City Council at-large: Who’s running and what you need to know about the citywide race
It’s a wide-open race for two spots on Council, as the current seat holders are term-limited.
In addition to every District having a representative, Council also has two at-large seats that represent the entire city. You’ll vote for both seats on top of your vote for who will represent your district. Unlike the district races, which could go to a runoff if no one gets at least 50% of the vote, the at-large race is one-and-done. The top two vote-getters join council, regardless of what percent of the vote they get.
With incumbent at-large councilmembers Robin Kniech and Debbie Ortega (who’s also running for mayor) term-limited, it’s a crowded, wide-open race. Career politicians, newcomers and everyone in between (sound familiar?) are in the running.
Travis Leiker has a background in fundraising and politics. He worked for Gov. Jared Polis on the State Board of Education back in the day, and currently does development at the University of Colorado. He helped grow Capitol Hill United Neighborhoods, and has eight top issues he wants to tackle: housing, homelessness, community investment, crime and safety, government efficiency, electoral process, economic development and “getting big things done.”
He said that “One of the beauties of being able to run citywide is you see the inequities in urban planning, all across the city, and so my passion and my interest area is making sure that all neighborhoods are equally represented and funded.”
Serena Gonzales-Gutierrez is on her second term representing House District 4 in the State Capitol, with a background as a juvenile caseworker for struggling families. She’s worked on state legislation on affordable housing, crime prevention, healthcare and air pollution protections. She said she wants to continue working on affordable housing and mental health if elected to City Council.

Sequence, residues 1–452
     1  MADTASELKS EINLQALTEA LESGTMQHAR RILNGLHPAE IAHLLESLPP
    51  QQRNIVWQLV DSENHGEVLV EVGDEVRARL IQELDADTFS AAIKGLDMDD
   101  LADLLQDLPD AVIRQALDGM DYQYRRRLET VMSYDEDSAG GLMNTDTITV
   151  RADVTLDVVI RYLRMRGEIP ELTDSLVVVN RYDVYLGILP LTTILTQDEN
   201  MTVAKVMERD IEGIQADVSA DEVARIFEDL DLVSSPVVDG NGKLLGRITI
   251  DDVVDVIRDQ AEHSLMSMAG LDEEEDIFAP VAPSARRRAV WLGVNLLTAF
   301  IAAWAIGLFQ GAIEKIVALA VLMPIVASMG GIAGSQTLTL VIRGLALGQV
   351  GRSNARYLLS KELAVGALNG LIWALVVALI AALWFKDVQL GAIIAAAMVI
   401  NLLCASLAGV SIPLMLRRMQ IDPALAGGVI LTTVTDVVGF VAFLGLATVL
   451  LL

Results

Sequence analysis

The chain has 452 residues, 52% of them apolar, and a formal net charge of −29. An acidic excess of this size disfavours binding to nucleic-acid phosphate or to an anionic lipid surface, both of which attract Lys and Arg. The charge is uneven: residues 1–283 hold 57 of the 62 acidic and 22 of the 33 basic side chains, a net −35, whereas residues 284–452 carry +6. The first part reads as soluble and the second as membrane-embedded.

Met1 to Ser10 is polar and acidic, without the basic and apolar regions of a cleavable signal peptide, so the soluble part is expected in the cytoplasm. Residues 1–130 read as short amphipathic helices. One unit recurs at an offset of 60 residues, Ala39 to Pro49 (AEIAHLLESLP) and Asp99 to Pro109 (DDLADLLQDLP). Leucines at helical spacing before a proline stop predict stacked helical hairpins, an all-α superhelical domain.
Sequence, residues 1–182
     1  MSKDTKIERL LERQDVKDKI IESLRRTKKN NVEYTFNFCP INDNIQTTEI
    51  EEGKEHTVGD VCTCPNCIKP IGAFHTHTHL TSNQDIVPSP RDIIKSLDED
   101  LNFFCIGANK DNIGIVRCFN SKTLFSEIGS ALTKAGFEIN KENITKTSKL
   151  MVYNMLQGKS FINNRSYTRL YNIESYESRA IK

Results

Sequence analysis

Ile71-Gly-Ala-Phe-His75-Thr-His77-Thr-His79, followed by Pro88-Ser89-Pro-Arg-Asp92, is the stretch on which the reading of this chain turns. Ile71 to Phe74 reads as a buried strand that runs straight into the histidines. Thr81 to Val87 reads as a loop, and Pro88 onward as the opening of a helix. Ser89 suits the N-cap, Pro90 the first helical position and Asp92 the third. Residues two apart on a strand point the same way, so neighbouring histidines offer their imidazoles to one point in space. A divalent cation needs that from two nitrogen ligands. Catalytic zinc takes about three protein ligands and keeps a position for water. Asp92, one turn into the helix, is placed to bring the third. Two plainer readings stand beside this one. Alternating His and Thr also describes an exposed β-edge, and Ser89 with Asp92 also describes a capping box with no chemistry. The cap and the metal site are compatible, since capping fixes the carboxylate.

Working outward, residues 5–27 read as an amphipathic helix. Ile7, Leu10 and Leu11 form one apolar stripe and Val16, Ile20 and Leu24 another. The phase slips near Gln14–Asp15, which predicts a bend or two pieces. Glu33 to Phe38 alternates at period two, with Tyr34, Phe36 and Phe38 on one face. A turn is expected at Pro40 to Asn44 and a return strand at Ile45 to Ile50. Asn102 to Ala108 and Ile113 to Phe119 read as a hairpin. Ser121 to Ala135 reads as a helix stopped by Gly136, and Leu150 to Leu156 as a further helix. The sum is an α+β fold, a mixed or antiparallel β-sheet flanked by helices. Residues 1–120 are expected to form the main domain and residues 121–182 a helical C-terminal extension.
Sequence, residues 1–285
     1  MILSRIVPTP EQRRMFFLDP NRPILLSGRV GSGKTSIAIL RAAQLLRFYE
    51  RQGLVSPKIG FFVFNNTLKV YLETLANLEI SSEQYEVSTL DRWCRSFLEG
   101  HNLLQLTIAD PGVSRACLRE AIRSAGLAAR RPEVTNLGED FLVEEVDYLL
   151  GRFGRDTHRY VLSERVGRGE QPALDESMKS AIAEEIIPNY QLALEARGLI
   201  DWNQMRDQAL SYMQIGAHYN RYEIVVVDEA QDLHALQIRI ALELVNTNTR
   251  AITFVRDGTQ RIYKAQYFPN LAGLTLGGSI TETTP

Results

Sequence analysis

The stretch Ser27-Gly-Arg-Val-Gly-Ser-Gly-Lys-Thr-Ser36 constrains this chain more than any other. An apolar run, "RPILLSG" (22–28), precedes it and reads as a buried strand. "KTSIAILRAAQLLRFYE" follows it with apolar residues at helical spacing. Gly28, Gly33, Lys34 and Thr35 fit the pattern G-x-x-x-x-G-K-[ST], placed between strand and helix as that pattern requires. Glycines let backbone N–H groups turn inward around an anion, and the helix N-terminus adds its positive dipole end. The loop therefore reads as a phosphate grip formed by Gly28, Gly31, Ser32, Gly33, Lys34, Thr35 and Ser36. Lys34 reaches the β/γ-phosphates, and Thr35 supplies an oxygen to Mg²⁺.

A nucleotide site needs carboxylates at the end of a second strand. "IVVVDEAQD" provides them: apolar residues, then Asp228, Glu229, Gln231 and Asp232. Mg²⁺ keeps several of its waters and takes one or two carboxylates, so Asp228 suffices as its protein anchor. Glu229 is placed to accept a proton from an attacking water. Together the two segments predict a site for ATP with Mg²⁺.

“I really want to go in and focus and hone in on the city and county of Denver, the place I’ve called home pretty much my entire life, am raising my family in, and continue to work with the kids and families that I worked with over the years,” she said.
Penfield Tate III
Penfield Tate III also comes to the race with State Capitol experience. He served in the State House in the 1990s and the State Senate in the early 2000s. He placed fourth in the 2003 and 2019 races for mayor. Tate has been a leader in opposition to the proposed Park Hill Golf Course development, advocating for open space. He also wants to address affordability and crime downtown.
“It’s all driven by a desire to positively impact the quality of life in Denver,” he said. “Denver is not as affordable as it once was when I was a kid growing up in the state.”
Sarah Parady is a labor and civil rights attorney who helped employees win one of the largest disability discrimination cases in the state, along with wage theft, police misconduct and transgender rights cases. She wants to make Denver more affordable and is a proponent of policies like social housing, renter protections and wage theft enforcement.
“One of the things that excites me about city government is the chance to try to be innovative,” she said. “If we have some of the leading housing costs in the country, we should try to be one of the cities that’s being the most creative about how to get involved and do whatever we can about that.”
Jeff Walker has a background in urban planning, and currently works in land rights and property acquisition for Xcel Energy. He’s served on a range of boards, including RTD Board of Directors, Denver Planning Board and the Reimagining Policing Task Force. He wants to focus on housing, homelessness, traffic and the environment. He’s not a fan of government intervention into housing, opting instead to focus on winterization assistance to improve affordability.
“The reason I’m running for City Council… is I enjoy the public engagement, and I wish I could do more of it,” he said.
Marty Zimmerman comes to the race from the nonprofit world, where he’s worked with many groups across the city. He thinks Denver could do a better job of partnering with local organizations, and wants to bring those connections and experience to Council to address affordable housing, homelessness, public safety and economic development.